Comments on Deciding whether or not to go back to work after my child was born has made me a less judgmental person

  1. I am having major anxiety about this same decision.

    I guess I always assumed I’d stay at home with my kids because it seems like the most hands on connection I could get. But now that I’m pregnant with our first and dealing with real finances I’m wondering if that’s a realistic dream.

    I had a conversation with my boss yesterday about setting up a plan for my leave. I will be out 12 weeks that are our busiest of the year. She tried to convince we to only take 6 weeks (all unpaid) OR work from home the whole leave. Working from home may seem like a nice compromise but I deal with very sensitive data entry and with the sleep deprivation I hear about I don’t see this as a possibility.

    Ugh. I truly dislike my job so it doesn’t help me want to go back. I just have nightmares that we become impoverish and lose our house.

    What pros and cons made you finally make your decision?

  2. Here we get about 14 weeks paid leave, at 100% of your salary or a set cap, whichever is lower.
    Since I am currently contracting, they dont have to hold my job for a year for me either, which is the biggest pitfall of having fallen pregnant while not employed!
    So now I have to prove to the govt that I am self-employed, and hope the paperwork sorts itself out in time for me to get some of the leave thats available. Then I have to consider HOW I would go back to work when there is a 1 year waiting list for our local childcare centre. Gah, nightmare!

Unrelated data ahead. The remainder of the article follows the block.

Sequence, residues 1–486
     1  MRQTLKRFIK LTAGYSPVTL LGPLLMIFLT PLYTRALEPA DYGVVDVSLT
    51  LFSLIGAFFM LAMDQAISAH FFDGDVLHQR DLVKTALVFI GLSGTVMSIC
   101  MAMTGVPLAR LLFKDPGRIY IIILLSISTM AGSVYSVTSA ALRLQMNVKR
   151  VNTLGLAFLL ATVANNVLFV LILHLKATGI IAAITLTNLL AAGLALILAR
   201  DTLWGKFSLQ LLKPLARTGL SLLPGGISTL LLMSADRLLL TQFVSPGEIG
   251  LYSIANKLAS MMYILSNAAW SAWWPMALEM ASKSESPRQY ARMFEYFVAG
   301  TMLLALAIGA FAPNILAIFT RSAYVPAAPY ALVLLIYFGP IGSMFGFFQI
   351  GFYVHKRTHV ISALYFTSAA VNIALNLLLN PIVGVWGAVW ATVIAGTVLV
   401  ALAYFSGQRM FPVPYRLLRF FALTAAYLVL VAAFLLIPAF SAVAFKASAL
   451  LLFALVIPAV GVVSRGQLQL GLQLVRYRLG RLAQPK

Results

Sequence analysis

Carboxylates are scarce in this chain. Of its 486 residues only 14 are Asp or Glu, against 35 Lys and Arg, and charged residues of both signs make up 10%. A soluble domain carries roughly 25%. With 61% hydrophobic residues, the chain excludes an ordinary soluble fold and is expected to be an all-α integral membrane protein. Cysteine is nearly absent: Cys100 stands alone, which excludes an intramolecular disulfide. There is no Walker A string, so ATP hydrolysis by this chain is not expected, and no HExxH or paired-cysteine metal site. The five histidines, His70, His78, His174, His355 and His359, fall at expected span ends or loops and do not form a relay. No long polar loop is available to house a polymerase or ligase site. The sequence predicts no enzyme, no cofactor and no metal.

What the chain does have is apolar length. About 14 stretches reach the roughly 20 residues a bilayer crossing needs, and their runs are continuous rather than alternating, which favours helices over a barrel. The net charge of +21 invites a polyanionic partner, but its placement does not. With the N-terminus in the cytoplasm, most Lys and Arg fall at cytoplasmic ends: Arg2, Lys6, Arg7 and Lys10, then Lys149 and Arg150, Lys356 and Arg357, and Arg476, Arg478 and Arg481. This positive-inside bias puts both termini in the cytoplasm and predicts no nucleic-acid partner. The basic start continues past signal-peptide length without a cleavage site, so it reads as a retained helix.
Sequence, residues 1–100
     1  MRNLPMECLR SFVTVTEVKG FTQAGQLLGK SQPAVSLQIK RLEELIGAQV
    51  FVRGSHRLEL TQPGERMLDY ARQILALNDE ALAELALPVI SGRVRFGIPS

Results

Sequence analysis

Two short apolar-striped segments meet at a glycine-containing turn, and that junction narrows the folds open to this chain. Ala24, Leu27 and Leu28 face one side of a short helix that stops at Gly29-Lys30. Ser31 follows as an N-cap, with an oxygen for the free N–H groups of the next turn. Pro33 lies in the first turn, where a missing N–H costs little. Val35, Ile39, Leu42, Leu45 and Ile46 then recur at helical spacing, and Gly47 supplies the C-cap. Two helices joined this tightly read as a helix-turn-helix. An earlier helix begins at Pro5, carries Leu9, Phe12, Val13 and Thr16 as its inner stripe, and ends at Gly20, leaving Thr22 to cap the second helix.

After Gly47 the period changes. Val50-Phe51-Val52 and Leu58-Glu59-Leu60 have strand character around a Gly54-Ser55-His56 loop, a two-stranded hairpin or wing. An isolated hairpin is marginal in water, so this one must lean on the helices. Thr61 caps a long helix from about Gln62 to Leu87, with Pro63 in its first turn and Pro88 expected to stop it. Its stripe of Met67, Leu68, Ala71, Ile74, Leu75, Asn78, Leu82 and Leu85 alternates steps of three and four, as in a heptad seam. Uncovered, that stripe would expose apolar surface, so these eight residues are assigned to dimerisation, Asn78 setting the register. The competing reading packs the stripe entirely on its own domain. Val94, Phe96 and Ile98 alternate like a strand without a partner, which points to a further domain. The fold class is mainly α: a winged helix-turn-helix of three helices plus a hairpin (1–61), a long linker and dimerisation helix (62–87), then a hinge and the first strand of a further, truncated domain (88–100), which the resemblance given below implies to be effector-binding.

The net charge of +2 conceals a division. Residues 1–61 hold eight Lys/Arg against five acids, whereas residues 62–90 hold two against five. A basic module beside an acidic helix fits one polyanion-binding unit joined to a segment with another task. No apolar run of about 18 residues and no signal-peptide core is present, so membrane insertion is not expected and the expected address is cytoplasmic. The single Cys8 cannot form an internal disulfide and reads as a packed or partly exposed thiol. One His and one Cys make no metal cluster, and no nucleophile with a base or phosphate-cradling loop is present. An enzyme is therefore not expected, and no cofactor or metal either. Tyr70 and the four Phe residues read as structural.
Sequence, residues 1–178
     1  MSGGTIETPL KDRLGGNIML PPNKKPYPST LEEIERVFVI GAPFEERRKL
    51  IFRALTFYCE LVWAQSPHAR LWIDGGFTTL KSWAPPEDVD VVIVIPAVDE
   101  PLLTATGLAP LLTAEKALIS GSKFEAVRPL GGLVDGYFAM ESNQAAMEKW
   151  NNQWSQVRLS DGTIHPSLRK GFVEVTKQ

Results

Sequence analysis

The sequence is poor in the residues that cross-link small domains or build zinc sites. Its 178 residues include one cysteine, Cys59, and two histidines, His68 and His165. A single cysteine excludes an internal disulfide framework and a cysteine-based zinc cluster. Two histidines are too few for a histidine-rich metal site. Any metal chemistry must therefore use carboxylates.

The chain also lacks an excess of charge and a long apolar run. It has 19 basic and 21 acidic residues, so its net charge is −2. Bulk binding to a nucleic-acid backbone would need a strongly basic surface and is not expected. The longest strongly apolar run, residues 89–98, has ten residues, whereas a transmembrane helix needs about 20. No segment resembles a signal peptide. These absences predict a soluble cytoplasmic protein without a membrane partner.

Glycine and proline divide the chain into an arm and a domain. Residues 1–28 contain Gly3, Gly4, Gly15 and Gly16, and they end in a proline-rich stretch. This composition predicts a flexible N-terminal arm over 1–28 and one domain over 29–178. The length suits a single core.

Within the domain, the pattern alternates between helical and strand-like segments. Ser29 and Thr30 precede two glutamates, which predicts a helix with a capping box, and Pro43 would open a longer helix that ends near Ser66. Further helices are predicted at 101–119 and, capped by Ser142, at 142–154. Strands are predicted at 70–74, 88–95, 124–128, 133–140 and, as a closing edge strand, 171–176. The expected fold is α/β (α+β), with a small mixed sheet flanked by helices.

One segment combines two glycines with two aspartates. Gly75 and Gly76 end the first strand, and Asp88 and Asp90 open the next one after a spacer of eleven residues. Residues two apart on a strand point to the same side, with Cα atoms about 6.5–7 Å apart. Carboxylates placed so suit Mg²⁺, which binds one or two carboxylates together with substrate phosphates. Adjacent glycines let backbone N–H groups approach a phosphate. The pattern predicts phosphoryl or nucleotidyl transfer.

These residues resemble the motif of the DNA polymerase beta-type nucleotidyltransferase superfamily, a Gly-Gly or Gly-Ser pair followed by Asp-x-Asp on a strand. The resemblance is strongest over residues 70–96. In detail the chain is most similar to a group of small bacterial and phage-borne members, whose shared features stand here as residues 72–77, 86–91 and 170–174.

3. 12 weeks? that’s it? That is awful. In Canada we get 12 months at 55% pay. The mother takes at least 3 months of that and the rest of the year can be split up by the parents however they like. I think it is a lot easier to leave a one year old in child care than a 12 week old.

    • I have a Canadian friend here in the U.S. who’s American wife recently had a complicated pregnancy and birth of twins. They felt that even though the leave is longer and paid, it did not make up for what they belive to be superior medical care.

      • I have used the health care system in Ontario a lot and it is quite good. Free is pretty awesome too. Nova Scotia was not so great in my opinion. There were long waiting lists. I think it depends on what province you live in.

  4. Hurray for Quebec`s public 7$/day daycare system. Yep that means my 2 year old`s daycare is a whole 140$ a month. The government actually breaks out even with this program because more parents go back to work = more income tax. It seems like such a no brainer. My sister in Ottawa has two kids in daycare and pays 98$ a DAY.